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Asbestos related conditions are usually caused by exposure to asbestos at work, whether it be direct exposure suffered by the worker themselves, or secondary exposure from workers taking asbestos home on their clothes, subsequently affecting family members. A great deal of people have also been unlucky enough to  develop various asbestos related conditions as a result of living near to asbestos factories. This is known as “environmental exposure” to asbestos. Now, there is a new potential group of sufferers, namely, urban explorers.

Urban exploration or urbex is a hobby which involves people exploring abandoned buildings. Although not always the case, this can involve trespassing.

As many of the abandoned buildings lie derelict and in a poor state of repair there are inherent dangers in urban exploration, with unsafe floors and broken glass being present at the sites. There may also be hidden dangers, such as asbestos.

Asbestos is not a danger unless it is disturbed, allowing the fibres to be inhaled and so simply walking into a building which contains asbestos isn’t necessarily dangerous. However, as the buildings are derelict, often any asbestos present may be in a poor state of repair, presenting a potential risk to health.

It is not always easy to identify asbestos materials and the fibres themselves can be so small that in a dark, boarded up room they are unlikely to be seen.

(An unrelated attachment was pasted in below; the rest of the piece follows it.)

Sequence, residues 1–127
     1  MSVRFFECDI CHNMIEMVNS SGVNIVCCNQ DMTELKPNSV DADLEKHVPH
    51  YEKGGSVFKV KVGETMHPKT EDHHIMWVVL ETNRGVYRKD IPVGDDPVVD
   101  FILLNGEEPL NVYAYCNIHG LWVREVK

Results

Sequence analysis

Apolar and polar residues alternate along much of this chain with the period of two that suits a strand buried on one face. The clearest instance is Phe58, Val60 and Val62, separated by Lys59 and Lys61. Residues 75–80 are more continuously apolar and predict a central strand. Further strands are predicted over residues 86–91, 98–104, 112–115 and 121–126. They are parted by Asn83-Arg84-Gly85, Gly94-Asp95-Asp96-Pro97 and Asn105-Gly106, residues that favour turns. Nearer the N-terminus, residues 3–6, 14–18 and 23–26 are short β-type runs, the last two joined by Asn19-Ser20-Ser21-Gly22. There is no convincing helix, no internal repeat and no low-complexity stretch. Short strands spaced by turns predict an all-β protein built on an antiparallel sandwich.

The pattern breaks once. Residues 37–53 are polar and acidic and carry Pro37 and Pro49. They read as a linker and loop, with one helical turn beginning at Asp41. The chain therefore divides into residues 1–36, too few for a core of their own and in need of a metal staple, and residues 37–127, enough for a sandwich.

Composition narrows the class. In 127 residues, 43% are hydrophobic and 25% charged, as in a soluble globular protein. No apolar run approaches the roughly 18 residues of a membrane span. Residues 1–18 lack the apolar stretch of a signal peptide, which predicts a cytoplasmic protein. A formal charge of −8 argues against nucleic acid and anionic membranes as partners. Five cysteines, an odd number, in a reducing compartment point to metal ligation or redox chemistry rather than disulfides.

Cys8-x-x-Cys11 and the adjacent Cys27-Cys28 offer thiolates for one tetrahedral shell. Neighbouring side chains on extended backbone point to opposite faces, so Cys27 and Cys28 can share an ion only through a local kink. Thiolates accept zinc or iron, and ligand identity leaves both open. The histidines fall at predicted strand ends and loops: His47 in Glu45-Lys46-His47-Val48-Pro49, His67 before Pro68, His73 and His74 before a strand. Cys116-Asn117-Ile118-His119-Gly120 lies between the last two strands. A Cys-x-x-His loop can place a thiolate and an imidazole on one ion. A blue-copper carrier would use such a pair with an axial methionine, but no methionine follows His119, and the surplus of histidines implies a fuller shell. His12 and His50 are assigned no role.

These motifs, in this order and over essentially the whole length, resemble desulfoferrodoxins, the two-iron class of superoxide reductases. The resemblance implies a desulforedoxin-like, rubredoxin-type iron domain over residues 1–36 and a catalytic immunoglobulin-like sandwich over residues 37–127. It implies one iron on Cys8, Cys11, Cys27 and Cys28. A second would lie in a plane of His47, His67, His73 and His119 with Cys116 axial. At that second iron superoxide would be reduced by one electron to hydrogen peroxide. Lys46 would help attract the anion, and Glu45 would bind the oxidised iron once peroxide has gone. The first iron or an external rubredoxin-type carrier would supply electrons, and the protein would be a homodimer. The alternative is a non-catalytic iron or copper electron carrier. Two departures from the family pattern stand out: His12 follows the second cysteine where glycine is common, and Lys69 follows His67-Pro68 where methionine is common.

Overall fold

While many urban explorers do take precautions, we have observed some disturbing comments on forums. One person who posted on a website www.28dayslater.co.uk, advised fellow explorers that; “white [asbestos] is no more harmful than any other kind of fibrous dust.” This is extremely worrying as although blue and brown asbestos are the more dangerous types, even minimal exposure to white asbestos puts a person at risk of developing the incurable asbestos related cancer, mesothelioma.

Mesothelioma is the most devastating of all  asbestos related conditions. It is a cancer which affects the lining of the body’s organs and currently there is no cure. As with other asbestos conditions, mesothelioma has a long latency period and takes between 10 and 50 years after exposure to asbestos to affect sufferers. Sadly, after diagnosis of mesothelioma the prognosis is bleak, with patients only surviving between 6 and 18 months on average.

Apart from the health risks of urban exploring, there are also legal issues as trespassing may be involved. This would cause problems if someone were to go on to develop an asbestos condition. As urban explorers are not employees of the companies that own the buildings, occupier’s liability insurance would have to be traced, which could prove most difficult.

Additionally, if explorers had broken in or scaled fences to get into sites, it could be said that they were there illegally and potentially no asbestos compensation could be recovered.

If you require assistance in pursuing an asbestos claim please contact us today on our freephone number 0800 038 6767. Alternatively, head over to the ‘Contact Us’ page, complete the form and we will be in touch.

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